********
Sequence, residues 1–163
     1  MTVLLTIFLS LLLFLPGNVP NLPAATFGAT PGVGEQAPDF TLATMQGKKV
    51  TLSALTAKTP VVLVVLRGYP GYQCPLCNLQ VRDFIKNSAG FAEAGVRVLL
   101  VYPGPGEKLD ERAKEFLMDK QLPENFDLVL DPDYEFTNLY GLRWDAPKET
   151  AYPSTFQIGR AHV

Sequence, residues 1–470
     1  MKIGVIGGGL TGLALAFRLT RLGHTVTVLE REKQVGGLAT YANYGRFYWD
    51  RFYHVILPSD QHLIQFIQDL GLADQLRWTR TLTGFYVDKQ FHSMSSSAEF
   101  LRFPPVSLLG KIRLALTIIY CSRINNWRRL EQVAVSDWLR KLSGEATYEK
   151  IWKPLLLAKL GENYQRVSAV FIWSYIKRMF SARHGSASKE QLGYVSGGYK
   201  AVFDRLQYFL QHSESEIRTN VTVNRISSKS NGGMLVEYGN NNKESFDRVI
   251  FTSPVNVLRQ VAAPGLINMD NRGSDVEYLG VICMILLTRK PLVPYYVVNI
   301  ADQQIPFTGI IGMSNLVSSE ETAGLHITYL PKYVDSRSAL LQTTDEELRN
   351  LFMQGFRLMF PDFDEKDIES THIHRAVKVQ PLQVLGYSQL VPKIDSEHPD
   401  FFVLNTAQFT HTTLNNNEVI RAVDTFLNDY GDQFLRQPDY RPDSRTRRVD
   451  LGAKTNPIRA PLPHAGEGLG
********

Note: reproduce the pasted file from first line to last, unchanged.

Sequence, residues 1–163
     1  MTVLLTIFLS LLLFLPGNVP NLPAATFGAT PGVGEQAPDF TLATMQGKKV
    51  TLSALTAKTP VVLVVLRGYP GYQCPLCNLQ VRDFIKNSAG FAEAGVRVLL
   101  VYPGPGEKLD ERAKEFLMDK QLPENFDLVL DPDYEFTNLY GLRWDAPKET
   151  AYPSTFQIGR AHV

Sequence, residues 1–470
     1  MKIGVIGGGL TGLALAFRLT RLGHTVTVLE REKQVGGLAT YANYGRFYWD
    51  RFYHVILPSD QHLIQFIQDL GLADQLRWTR TLTGFYVDKQ FHSMSSSAEF
   101  LRFPPVSLLG KIRLALTIIY CSRINNWRRL EQVAVSDWLR KLSGEATYEK
   151  IWKPLLLAKL GENYQRVSAV FIWSYIKRMF SARHGSASKE QLGYVSGGYK
   201  AVFDRLQYFL QHSESEIRTN VTVNRISSKS NGGMLVEYGN NNKESFDRVI
   251  FTSPVNVLRQ VAAPGLINMD NRGSDVEYLG VICMILLTRK PLVPYYVVNI
   301  ADQQIPFTGI IGMSNLVSSE ETAGLHITYL PKYVDSRSAL LQTTDEELRN
   351  LFMQGFRLMF PDFDEKDIES THIHRAVKVQ PLQVLGYSQL VPKIDSEHPD
   401  FFVLNTAQFT HTTLNNNEVI RAVDTFLNDY GDQFLRQPDY RPDSRTRRVD
   451  LGAKTNPIRA PLPHAGEGLG